Just six months ago, the Copenhagen Climate Change summit was being regarded as a key moment in history – the moment when world leaders would sign up to a new agreement which would begin the seriois work of reducing CO2 emissions and decarbonizing the global economy. Phrases like “a tipping point” and “a pivotal moment for mankinf” were commonly used to refer to the summit.
Noting that Copenhagen was meant to be the final stage of a two year process and that there had been many meetimgs of the parties in the two year negotiating period, the design of the Copenhagen process was intended to finalize a document, develop action plans and have world leaders sign up to the commitments made by their negotiators on the last day. The design was predicated on the idea, developed by the Danish hosts, that there was already alignment on the key principles, and a draft agreement was submitted early in the proceedings.
It soon became clear that it was a disaster. Of the two hundred and ten statements in the draft agreement, one hundred and ninety two were in dispute by the third day of the summit. After this, thing got worse rather than better. Unlike other summits, the G20 nations found that they were no longer in control of the agenda or the process. African states, small island states and the least developed countries stood up for themselves and challenged the basics of the agreement. They refused to be brow beated by powerful nations – they stood their ground. At one point, five competing draft agreements were ciculating and different factions were in or out of the process. Many seasoned journalists covering the summit made clear that they had never seen anything like it – chaos, confusion, despair.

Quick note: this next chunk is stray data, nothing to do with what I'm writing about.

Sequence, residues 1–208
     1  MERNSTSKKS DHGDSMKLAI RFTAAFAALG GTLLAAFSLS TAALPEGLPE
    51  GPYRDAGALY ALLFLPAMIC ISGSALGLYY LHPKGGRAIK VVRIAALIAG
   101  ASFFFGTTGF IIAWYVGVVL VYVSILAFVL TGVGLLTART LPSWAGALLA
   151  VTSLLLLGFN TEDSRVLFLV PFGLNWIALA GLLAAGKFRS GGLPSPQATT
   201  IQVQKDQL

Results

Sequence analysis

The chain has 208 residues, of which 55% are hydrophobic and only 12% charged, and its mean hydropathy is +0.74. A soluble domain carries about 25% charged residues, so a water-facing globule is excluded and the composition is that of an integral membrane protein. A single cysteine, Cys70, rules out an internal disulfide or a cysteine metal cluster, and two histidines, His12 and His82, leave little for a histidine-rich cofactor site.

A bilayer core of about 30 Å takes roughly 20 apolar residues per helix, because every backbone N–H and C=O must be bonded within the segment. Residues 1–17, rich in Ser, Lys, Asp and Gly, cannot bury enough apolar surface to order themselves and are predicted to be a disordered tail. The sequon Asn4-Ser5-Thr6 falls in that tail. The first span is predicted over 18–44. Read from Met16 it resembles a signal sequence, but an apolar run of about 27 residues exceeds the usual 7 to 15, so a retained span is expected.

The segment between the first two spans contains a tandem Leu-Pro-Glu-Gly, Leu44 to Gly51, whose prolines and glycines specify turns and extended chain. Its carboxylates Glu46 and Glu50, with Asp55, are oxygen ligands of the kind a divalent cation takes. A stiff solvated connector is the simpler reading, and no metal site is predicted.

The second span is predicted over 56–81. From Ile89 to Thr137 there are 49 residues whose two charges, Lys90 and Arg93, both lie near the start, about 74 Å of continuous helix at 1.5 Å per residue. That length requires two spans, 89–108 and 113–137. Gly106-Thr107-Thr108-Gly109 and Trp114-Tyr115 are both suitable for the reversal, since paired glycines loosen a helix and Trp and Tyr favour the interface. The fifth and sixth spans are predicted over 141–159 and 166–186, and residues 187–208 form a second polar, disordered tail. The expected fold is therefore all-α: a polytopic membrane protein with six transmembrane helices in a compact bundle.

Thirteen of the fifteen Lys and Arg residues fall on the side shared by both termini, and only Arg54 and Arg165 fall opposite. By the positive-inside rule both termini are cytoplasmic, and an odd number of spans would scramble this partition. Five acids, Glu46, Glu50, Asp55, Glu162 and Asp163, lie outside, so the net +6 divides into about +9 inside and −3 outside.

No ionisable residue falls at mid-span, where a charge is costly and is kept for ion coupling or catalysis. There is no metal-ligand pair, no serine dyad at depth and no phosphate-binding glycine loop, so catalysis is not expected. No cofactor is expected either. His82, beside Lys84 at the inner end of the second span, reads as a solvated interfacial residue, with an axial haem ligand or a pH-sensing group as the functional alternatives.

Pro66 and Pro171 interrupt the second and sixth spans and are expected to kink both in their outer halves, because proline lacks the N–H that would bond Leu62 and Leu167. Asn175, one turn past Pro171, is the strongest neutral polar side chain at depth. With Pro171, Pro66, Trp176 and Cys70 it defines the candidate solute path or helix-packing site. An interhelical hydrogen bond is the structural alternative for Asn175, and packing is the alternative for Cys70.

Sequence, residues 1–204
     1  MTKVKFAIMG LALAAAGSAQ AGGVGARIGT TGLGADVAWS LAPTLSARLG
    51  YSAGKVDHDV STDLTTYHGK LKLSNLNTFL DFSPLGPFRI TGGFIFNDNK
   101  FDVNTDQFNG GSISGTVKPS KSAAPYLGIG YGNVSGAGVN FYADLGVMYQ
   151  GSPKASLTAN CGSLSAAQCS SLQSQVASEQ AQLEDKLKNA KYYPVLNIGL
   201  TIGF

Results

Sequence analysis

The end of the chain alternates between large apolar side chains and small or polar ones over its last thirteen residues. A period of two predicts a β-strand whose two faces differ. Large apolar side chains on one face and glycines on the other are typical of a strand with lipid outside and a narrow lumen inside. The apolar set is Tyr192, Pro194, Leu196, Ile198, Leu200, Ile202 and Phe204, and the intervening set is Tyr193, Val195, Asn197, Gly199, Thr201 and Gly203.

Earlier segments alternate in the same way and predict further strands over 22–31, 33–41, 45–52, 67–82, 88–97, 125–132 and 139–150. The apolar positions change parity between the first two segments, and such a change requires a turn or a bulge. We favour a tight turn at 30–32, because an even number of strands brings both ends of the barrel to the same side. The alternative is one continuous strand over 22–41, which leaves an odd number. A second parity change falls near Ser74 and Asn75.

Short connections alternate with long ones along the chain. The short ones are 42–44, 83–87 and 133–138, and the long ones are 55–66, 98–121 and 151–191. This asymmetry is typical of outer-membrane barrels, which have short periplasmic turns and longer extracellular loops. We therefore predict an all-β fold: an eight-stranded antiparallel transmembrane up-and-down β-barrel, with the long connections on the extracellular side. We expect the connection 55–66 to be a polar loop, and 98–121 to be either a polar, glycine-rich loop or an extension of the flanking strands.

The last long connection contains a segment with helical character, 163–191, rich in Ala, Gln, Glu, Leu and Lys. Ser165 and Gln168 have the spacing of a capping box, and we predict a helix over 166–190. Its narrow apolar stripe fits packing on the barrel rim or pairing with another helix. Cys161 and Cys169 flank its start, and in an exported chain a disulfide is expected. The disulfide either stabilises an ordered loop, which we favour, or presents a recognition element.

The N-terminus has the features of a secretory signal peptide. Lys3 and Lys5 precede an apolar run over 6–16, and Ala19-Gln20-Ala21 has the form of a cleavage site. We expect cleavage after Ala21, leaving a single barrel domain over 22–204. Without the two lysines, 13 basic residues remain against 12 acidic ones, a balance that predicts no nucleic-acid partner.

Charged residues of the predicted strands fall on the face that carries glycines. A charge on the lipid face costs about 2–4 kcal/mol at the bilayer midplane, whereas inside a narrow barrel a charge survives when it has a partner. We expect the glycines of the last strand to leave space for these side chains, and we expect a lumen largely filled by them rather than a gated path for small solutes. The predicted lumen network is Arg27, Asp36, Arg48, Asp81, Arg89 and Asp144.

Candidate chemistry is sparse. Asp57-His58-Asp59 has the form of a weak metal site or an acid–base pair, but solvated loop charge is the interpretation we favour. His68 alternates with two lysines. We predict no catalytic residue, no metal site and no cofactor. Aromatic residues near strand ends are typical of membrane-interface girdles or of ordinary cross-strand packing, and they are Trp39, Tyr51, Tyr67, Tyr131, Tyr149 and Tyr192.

At the end of the summit, amid more shambles and discord, the summit ended without an agreement. The agreement now been spun by some is in fact an agreement between five of the one hundred and ninety two nations present at the summit. These five nations – the worlds biggest polluters and South Africa – see the agreement as a statement of intent. It is not binding, not enforecable and has many conditions attached. The summit itself chose to note it rather than reject it – there was no possibility of acceptance.
So what now? As far as the UN is concerned, it is busy organizing the next summit for Mexico in December 2010. They will try again to secure an agreement on CO2 emission reductions, funds for developing nations, technology transfer and intellectual property and the verification and governance mechanisms required to enforce what they hope will be a legally binding agreement. Talks have failed, so let us have more talks is the mantra.
Others, like Bjorn Lomberg, the skeptial environmentalist, are suggesting that its is time to change the fundamental focus for negotiations. Rather than focus on a global, legally binding agreement on CO2 emisisions, he suggests that the focus should be on technology and mitigation efforts. Rather than live out the fantasy of “stopping climate change”, we should instead focus at the international level on dealing with the effects of climate change, whileat the same time reducing emissions through national and bilateral agreements. He is not saying “don’t cut emissions”, but rather he is promoting the idea that climate change is something that has to be managed through investments in innovative technology and adaptation.
This is an unpopular view, sincemany have bought the fantasy that action now can stop climate change. The religious belief in CO2 reduction as mankinds only chocie is now invested in so heavily, in more ways than one, that shifting the basis for the conversation is politically and economically difficult. Nonethless, it is what it needs to happen if the world is to make progress.